This entry is the final installment of a three-part series on consequentializing non-consequentialist moral theories. As noted in Part I, a number of philosophers accept what’s called Dreier’s Conjecture: For any moral theory M, there is some conceivable theory of the good that, when combined with the consequentialist principle “φ-ing is morally permissible iff φ-ing would produce the best available state of affairs,” yields moral verdicts that are, in every instance, identical to those of M. And, as also noted in Part I, philosophers such as Brown, Louise, and Pettit believe that if this conjecture is true, then the consequentialism/non-consequentialism distinction is an empty distinction. In this entry, I argue, to the contrary, that even if Dreier’s Conjecture is true, the consequentialism/non-consequentialism distinction is still an important and meaningful distinction.
Brown, Louise, and Pettit seem to presuppose that what distinguishes one moral theory from another is their moral verdicts, and so if two moral theories are extensionally equivalent in their moral verdicts, then there is no real distinction between the two. But this is, I believe, a mistake. A moral theory must do more than just identify which acts are permissible and which acts are impermissible. Moral theories must identify the fundamental right-making and wrong-making features of actions. Moral theories do this by endorsing a certain set of fundamental moral principles. Moral theories should, then, be differentiated in terms of what set of fundamental moral principles they endorse. For instance, utilitarianism is to be distinguished from other moral theories in that it takes the principle, “act always so as to maximize aggregate utility,” to be the one and only fundamental moral principle. Non-utilitarian theories accept some other set of fundamental moral principles.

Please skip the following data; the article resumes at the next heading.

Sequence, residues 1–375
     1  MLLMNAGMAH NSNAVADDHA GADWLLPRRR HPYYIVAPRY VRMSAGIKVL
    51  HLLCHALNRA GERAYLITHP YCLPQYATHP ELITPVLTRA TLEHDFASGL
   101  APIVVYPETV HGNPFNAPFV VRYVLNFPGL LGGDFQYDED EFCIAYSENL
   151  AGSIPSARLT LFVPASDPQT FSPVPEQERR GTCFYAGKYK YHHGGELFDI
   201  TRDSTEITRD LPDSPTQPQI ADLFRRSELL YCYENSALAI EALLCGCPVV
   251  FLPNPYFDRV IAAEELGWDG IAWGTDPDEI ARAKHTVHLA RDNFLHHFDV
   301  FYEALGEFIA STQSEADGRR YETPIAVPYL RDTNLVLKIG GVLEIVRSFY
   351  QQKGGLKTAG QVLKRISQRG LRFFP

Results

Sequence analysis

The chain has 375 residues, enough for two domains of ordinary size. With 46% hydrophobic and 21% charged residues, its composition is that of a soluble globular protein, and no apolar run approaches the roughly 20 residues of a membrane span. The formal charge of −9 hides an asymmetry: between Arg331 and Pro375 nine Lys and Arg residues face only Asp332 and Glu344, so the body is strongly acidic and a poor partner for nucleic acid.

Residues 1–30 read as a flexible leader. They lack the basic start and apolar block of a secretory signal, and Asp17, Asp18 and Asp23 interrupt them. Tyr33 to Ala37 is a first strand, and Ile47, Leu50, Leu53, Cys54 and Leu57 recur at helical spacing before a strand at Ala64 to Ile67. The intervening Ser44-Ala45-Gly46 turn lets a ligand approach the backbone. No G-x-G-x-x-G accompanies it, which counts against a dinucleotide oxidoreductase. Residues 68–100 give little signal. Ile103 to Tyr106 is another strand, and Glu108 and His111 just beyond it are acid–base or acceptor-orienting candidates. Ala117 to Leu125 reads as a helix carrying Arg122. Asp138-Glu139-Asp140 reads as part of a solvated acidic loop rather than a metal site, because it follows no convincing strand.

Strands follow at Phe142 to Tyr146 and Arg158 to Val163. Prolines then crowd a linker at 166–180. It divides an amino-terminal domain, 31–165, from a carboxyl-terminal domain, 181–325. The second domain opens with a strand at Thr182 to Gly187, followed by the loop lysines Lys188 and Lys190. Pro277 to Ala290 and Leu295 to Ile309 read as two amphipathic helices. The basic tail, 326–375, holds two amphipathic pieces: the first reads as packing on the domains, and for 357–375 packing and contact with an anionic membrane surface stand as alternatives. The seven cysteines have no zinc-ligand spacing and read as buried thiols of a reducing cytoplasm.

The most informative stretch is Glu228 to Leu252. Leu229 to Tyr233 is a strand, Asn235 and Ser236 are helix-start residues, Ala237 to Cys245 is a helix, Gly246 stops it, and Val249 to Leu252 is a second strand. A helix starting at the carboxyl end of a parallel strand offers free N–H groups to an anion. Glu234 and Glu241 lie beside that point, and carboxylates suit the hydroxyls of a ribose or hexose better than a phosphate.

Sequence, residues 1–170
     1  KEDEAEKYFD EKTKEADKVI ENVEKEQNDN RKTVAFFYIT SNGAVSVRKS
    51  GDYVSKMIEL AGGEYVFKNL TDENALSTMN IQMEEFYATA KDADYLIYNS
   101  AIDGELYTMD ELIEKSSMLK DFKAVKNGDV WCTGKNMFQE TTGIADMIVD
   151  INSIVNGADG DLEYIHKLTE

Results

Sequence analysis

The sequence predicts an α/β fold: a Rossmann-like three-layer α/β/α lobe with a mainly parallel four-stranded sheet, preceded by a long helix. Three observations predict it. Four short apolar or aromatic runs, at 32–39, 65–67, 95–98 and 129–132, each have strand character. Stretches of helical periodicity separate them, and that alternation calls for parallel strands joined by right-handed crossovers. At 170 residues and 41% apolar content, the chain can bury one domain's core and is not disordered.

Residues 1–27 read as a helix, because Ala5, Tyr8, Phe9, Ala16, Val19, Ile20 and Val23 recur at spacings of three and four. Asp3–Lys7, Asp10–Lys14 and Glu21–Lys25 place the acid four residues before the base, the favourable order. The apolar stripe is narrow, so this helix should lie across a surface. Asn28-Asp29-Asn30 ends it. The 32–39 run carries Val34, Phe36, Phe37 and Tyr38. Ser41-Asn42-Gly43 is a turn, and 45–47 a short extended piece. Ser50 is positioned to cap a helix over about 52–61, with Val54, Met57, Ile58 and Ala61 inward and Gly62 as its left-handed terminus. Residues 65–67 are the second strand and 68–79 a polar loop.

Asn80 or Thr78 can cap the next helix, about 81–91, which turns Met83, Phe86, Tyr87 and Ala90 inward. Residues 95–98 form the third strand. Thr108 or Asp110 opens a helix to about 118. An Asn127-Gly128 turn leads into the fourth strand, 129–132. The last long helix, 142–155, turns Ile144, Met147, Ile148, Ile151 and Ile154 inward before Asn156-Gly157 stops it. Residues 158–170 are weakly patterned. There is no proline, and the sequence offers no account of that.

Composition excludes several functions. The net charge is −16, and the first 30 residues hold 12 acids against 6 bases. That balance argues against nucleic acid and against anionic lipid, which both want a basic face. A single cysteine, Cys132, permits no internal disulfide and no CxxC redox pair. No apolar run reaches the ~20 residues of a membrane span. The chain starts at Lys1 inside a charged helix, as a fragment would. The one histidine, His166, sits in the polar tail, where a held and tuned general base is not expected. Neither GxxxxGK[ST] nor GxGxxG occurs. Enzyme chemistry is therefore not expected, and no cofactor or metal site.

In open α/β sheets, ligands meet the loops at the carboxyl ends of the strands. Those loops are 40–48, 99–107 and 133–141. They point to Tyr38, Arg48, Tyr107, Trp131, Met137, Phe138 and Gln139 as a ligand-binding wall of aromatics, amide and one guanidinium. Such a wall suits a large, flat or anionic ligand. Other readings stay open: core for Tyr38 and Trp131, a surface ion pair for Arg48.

In support of this way of differentiating moral theories, I offer the following example, which comes from my “Can an act-consequentialist theory be agent-relative?.” Consider the following theorist (call him Theo). Theo accepts a rather peculiar version of the divine command theory. He accepts both of the following: (1) There is one and only one fundamental moral principle, that is, “an act is morally permissible if and only if it conforms to God’s will” and (2) God’s will is that we maximize aggregate utility.
Thus Theo believes, just as the utilitarian does, that agents should always act so as to maximize aggregate utility. But, unlike the utilitarian, he takes this principle, “act always so as to maximize aggregate utility,” to be derivative of another, more fundamental, moral principle: i.e., “act in accordance with God’s will”—see (1). This principle in conjunction with his view about what God wills us to do—see (2)—generates the following derivative moral principle: “act always so as to maximize aggregate utility.” For the utilitarian, by contrast, the principle, “act always so as to maximize aggregate utility,” is a fundamental moral principle.